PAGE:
Figure 1.56 shows an infinitesimal magnetic dipole antenna. The field
components,, , and radiated from this antenna, are also expressed as follows:
, , ,
where is the surface area of the antenna, is the radial distance in the propagation of radio waves, is the intrinsic impedance of free space, is the antenna current, ,and . Furthermore, the field components, and express the intensities of the induction magnetic field, and static magnetic field, respectively.
The field components,, and express the intensities of the radiation magnetic field, the induction magnetic field and static magnetic field, respectively.
The field components, and express the intensities of the radiation electric field and the induction electric field, respectively.
【Example 1. 16】
In Fig.1.56, find the angle for which the coupling between the two loop
From this figure, and Eq. (1.36), we get the following equations:
(1), (2), (3).
From these equations,
B. Boundary between Near Field and Far Field
InFigs.1.53 and 1.54, when the angle between the transponder antenna and the tag antenna equals to the ninety degree, we get the following equations:
, ,, ,
From these equations, the distance where the induction field equals to the radiation field, is expressed as follows:
C. Numerical Examples of Boundary between Near Field and Far Field
Table1.2 shows several numerical examples of the boundary between the near field
and the far field intensities calculated by using Eq.(1.37).
1.5.5 Far Field Tags (25 ) , (26), (27)
A. Examples of UHF Tags
B. Approved Frequency ranges
Table 1. 3 shows the approved frequency ranges where the printers (transponders) are certified(See www.paxar.com).
1.5.6 Application Examples of Tags (22) ,(27)
Applications of tags are as follows: supply chain, access control, transport payment, E-pass ports, automotive security, livestock ID, automated libraries, health care,
detecting and locating buried unexploded ordnance (25) , etc,.
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1.1 Find the inverse Fourier transform of .
Let, then , and . As a result,
1.2 An actual analog to digital conversion can not be executed instantaneously, For this reason, an actual high precision analog to digital (A/D) converter includes a sample and hold (S/H) circuit as shown in Fig. 1.58. In this figure, the relationship between and is shown in Fig. 1.59.
Fig. 1.58 Configuration of an A/D converter including a
Fig. 1.58 Configuration of an A/D converter including a S/H circuit
In these two figures, determine and .
(1) , for , , for otherwise.
where , ＊denotes the operation of convolution.
1.3 Derive Eq.(1.8).
(i) If transmitting power with omni-directional were uniformly radiated in all direction of a free space, then the power density at a distance from the antenna would be expressed as follows:
(ii) The power is actually radiated from a beam antenna with gain . The power density at the center of beam is therefore expressed as follows:
(iii) The object with the radar cross section reflects some of the power toward the transmitting antenna, since the object operate as a reflector. The reflecting power is then expressed as follows:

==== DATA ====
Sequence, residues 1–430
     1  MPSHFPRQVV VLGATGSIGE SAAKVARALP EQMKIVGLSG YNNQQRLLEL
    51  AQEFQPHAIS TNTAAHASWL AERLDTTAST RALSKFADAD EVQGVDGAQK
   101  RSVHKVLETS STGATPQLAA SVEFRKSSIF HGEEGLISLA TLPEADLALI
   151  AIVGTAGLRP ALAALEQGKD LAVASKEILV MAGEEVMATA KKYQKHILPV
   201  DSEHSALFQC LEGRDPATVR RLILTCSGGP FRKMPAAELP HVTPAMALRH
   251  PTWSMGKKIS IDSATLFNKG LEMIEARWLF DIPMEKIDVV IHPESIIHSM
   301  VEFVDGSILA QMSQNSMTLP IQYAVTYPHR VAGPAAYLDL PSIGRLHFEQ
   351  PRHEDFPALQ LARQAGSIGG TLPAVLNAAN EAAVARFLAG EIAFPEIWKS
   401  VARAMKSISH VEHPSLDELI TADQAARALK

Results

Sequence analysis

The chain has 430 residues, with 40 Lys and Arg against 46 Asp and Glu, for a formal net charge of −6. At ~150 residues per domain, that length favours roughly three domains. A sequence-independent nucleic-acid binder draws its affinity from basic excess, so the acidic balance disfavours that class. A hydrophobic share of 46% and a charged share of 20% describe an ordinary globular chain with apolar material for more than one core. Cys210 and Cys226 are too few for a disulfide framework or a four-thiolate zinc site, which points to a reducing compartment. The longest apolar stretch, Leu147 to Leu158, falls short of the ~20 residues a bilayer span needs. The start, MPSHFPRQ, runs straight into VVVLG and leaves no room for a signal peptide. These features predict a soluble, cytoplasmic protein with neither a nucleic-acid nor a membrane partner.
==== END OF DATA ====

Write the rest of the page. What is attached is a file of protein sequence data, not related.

(iv) A power density at the location of the transmitting antenna is expressed as follows:
(v) The receiving power is expressed as follows:
where is the effective area of the antenna.
(vi) The relationship between and of the antenna is expressed as follows:
whereis the wavelength of the transmitting signal and is the factor which expresses the efficiency of the antenna.
(vii) Using the results described above, the receiving power is expressed as follows:
1.4 Find the Fourier transform of :
(1) The inverse Fourier transform of .
Therefore 2, and 2
(2)Using the Euler’s formula, .
(3)From the result described above, we obtain
As described above, the spectrum of consists of two impulse components.
1.5 Find the Fourier transform of given by:
, , for , , for .
. Therefore .
1.６ Derive Eq.(1.35).
(A) Cartesian Coordinate System:
The vector potential A using the Cartesian coordinate system, is expressed as follows:
where ,and are the unit vectors aligned in the,and axes, and
, and are the components of aligned in the,andaxes, respectively.
In the case of Fig.1.55, the vector potential is expressed as:
where is the current flowing the length of the ideal infinitesimal dipole, is the permeability, is the radial distance from the origin of the coordinate system, respectively. The wave number is given as: .
(B) Spherical Coordinate System:
The vector potential A using the spherical coordinate system, is expressed as follows:
where ,andare the unit vectors aligned in the, and axes, and , and are the components of aligned in the, and axes,, respectively.
The relationships between the Cartesian coordinate system and the spherical coordinate system are given as follows:
(C) Vector Product:
In the spherical coordinate system, the vector product ∇×Ais expressed as follows:
(D) Calculation of Magnetic Fields:
The relationship between the magnetic field and the vector potential
is expressed as follows:
From the above equations, we can obtain the following equation:
From the above equation, the field components, ,and are expressed as follows:
where , , .
(G) Calculation of Electric Fields:
The relationship between the electric field and the vector potential is expressed as follows:
From the above equations, we can obtain the following relations:
From the above equations, the field components, , , and are expressed as follows:
where , .
(H) Components of Electric Fields:
From Eq. (14), the three electric field components are expressed as follows:.
(1) Static electric field :
(2) Induction electric field : ( 16 )
(3) Radiation electric field :
1.７ Derive Eq.(1.36).
(A) Transforming Current Source into Magnetic Source:
Table 1 shows the relationship between the current source and the magnetic source.
There are the duality between them.
Table 1 Transforming current source into magnetic
Table 1 Transforming current source into magnetic source
(B) Component of Magnetic Fields:
(1) By transforming Eq.(1.35 ),we get the following relations:
where , , .
(2) By transforming Eq.(1.35 ),we get the following relations:
(C) Component of Electric Fields:
By transforming Eq.(1.35 ),we get the following relations: